Pluricentrity, Multilingualism and Heterogeneity of the Learners’ Groups
Keywords:language learning in higher education, heterogeneous classroom, heritage language speaker, Russian as a pluricentric language, Russian language learners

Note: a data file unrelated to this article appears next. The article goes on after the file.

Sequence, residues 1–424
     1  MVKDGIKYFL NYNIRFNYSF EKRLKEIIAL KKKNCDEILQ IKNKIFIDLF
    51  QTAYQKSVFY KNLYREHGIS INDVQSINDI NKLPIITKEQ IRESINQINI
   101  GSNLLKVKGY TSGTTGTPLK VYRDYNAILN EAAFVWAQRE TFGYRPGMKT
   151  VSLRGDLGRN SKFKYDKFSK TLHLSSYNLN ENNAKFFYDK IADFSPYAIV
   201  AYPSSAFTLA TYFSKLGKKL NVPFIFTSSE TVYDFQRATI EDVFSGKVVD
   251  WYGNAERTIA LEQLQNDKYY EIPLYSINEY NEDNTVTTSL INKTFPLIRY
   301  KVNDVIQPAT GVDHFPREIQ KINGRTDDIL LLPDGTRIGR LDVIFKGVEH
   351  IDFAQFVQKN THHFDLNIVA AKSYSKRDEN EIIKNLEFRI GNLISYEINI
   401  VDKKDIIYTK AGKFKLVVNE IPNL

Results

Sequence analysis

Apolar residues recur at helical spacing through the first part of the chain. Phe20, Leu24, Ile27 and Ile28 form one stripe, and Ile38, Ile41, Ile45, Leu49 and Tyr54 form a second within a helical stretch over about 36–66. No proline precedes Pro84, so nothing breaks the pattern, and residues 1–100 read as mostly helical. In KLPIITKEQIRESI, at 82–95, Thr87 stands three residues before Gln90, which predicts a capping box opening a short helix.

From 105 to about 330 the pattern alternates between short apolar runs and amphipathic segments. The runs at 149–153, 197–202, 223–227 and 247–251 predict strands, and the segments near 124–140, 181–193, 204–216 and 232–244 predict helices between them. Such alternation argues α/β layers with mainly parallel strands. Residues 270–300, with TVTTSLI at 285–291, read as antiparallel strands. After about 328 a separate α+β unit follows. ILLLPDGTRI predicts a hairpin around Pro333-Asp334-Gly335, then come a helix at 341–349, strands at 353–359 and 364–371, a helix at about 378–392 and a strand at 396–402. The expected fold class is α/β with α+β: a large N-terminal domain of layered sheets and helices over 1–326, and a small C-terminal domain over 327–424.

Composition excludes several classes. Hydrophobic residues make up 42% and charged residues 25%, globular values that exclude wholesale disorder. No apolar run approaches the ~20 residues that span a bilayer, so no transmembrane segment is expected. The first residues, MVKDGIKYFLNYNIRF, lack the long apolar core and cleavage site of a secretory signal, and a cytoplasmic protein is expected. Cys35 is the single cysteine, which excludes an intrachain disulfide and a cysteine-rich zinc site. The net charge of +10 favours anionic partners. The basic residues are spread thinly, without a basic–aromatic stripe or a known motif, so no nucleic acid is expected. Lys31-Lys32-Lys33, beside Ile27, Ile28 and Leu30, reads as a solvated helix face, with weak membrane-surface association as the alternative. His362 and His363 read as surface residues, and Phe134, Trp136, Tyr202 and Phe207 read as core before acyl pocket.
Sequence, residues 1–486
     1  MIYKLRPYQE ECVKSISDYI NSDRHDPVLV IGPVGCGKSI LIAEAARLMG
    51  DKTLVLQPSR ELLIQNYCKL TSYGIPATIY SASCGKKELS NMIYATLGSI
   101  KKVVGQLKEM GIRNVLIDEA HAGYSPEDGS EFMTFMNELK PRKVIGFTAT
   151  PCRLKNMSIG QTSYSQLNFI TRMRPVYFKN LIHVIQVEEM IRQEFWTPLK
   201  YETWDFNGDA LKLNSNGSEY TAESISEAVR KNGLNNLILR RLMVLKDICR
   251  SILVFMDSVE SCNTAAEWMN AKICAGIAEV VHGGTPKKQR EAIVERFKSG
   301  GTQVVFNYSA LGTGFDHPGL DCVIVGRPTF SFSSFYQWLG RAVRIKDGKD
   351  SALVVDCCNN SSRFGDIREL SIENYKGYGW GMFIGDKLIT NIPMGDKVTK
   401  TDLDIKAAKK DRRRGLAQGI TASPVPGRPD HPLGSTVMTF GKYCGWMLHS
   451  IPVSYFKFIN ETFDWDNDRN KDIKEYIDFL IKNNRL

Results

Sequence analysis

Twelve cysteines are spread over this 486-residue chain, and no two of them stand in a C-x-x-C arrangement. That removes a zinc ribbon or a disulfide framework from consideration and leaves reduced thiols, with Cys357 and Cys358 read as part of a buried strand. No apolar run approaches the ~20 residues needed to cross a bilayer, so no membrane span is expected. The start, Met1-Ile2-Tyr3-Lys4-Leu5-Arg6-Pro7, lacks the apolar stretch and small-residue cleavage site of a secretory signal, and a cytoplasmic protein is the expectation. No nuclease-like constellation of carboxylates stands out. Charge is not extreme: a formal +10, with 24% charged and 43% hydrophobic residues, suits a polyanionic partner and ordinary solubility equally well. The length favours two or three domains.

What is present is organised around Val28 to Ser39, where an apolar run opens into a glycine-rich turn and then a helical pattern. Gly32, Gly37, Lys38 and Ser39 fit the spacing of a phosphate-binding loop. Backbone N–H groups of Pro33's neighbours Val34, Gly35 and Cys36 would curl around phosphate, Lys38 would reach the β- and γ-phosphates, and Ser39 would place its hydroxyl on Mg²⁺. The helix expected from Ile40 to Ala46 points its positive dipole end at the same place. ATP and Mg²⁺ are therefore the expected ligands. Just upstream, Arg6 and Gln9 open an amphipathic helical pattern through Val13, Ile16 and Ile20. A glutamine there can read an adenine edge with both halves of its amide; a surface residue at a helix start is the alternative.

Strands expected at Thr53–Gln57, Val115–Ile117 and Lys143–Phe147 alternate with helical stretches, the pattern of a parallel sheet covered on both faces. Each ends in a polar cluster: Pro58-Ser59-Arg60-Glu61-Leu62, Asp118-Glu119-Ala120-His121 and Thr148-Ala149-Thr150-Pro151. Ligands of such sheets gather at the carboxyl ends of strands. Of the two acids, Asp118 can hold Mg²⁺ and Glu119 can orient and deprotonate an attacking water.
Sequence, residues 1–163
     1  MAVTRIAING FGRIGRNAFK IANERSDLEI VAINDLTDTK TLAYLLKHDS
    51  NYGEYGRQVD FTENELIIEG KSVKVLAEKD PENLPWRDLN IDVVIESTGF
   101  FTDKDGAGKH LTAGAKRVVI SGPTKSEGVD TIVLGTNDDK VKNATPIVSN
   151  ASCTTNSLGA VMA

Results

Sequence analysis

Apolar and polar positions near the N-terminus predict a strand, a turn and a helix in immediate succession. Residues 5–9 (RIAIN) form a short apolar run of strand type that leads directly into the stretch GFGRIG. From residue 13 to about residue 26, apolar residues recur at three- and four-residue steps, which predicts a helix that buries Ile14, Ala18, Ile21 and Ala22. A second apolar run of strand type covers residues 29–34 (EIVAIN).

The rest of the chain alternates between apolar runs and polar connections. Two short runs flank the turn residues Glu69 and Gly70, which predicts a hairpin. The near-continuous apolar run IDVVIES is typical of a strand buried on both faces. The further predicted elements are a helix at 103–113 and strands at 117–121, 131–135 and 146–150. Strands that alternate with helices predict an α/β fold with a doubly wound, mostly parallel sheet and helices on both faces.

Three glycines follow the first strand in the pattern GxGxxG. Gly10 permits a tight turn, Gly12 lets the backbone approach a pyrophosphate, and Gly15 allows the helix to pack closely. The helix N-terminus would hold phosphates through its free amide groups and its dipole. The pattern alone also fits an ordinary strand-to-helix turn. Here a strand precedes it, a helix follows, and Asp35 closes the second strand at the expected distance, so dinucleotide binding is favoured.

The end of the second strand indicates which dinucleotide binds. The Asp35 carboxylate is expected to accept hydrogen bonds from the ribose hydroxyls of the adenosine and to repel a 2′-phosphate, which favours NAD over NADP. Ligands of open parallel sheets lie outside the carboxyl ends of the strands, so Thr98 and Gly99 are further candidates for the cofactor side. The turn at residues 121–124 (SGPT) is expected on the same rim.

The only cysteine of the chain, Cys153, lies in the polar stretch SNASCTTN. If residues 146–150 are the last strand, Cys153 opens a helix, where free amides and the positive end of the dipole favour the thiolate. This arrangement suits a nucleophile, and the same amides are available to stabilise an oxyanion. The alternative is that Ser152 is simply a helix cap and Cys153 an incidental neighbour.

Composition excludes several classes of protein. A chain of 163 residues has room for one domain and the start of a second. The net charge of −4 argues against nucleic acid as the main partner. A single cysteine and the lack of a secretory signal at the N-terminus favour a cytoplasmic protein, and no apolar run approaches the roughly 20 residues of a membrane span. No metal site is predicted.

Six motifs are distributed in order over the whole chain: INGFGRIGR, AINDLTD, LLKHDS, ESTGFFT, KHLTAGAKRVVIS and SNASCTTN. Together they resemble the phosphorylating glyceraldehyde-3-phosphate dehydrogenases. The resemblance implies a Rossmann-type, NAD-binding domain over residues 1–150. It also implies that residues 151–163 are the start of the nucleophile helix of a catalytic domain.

Multilingualism, superdiversity, and the abundance of language contacts place new demands on language teachers, who must consider each student’s linguistic biography, family language policies, and cultural practices in order to keep up with their growth in a specific school vs. university subject. Many more languages are becoming pluricentric as they continue to be used in migrating populations. So, they decline or flourish in diaspora and introduce heritage language learners as people with special needs into regular classrooms. Using Russian as an example, the paper suggests methods for organizing language instruction of varied speakers and learners in a heterogeneous integrated university classroom.
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